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New Jersey Endangered and Threatened Species Field Guide
Species Group: Invertebrate
State: Special Concern
Approximately 2.8”, the subarctic darner is a large-sized dragonfly. Their bright, yellow face has a black cross line and short eye seam. Their brown thorax displays yellow and blue stripes that become more spotted across their black abdomen. Male and female subarctic darners are similar in appearance with females having a more robust abdomen.
DISTRIBUTION AND HABITAT
This species reaches the southern-most end of its range in northern New Jersey. Currently, the subarctic darner has only been found in Sussex County inhabiting swamps, bogs, and fens with abundant mosses.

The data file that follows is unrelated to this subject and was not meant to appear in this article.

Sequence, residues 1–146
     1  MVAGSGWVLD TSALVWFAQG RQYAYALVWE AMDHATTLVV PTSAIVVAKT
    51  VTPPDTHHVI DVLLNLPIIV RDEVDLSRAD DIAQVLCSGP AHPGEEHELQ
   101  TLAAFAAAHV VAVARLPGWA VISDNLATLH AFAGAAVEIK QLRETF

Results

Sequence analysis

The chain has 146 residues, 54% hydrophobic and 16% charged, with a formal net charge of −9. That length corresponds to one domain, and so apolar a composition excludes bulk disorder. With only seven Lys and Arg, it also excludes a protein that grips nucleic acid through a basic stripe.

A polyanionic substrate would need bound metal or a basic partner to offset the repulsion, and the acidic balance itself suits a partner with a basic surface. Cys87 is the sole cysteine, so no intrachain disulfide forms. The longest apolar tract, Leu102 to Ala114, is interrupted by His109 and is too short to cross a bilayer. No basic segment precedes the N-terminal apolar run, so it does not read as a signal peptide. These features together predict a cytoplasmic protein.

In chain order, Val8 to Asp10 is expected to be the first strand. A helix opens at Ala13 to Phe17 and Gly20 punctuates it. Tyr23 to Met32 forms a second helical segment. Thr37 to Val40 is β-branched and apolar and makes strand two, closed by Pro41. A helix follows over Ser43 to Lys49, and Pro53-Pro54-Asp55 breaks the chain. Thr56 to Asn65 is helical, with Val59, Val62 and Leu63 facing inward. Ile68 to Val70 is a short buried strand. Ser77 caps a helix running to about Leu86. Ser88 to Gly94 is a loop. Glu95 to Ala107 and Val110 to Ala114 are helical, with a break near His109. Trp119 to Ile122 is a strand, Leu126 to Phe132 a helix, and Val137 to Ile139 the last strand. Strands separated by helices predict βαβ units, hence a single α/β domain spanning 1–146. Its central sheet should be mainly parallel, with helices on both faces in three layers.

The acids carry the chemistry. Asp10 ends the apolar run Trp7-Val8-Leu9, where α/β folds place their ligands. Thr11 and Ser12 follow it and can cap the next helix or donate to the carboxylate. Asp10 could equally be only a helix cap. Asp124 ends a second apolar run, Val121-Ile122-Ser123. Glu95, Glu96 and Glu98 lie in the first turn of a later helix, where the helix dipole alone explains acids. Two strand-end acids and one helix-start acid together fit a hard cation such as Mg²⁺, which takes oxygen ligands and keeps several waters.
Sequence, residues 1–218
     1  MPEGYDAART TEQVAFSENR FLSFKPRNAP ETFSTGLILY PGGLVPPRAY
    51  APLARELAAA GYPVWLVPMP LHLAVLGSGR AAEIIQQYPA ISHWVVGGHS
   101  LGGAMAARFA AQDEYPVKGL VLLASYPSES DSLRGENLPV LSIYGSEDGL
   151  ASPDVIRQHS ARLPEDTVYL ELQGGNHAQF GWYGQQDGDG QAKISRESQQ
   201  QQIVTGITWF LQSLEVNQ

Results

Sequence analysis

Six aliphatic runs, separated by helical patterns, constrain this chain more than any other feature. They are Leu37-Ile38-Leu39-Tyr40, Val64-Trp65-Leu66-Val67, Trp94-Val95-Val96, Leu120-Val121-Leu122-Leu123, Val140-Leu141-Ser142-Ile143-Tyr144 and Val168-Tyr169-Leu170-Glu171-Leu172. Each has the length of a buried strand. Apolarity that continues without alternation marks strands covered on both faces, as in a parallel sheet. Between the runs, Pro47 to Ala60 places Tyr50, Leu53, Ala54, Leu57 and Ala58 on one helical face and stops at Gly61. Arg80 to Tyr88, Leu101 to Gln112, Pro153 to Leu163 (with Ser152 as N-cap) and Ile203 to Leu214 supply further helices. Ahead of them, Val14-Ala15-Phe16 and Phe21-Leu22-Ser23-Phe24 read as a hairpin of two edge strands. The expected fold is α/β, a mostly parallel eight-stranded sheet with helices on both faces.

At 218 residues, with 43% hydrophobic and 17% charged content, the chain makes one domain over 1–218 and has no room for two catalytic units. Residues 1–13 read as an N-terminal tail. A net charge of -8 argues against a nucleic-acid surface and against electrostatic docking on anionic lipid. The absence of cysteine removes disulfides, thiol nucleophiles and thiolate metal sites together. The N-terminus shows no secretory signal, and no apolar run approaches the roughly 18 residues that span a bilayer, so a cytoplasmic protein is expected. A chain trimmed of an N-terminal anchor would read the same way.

Nymphs eat a wide variety of aquatic insects and even very small fish and tadpoles. The adult’s diet mainly consists of soft-bodied flying insects like mosquitoes.
The darner is active early June to early October. Females oviposit their eggs on sphagnum, mosses, and sedges along the waterline.
CURRENT STATUS, THREATS, AND CONSERVATION
Text derived from the book, Field Guide to Dragonflies and Damselflies of New Jersey. 2009. By Allen E. Barlow, David M. Golden and Jim Bangma. Edited and updated by Karena Di Leo in 2011.
Species: A. subarctica
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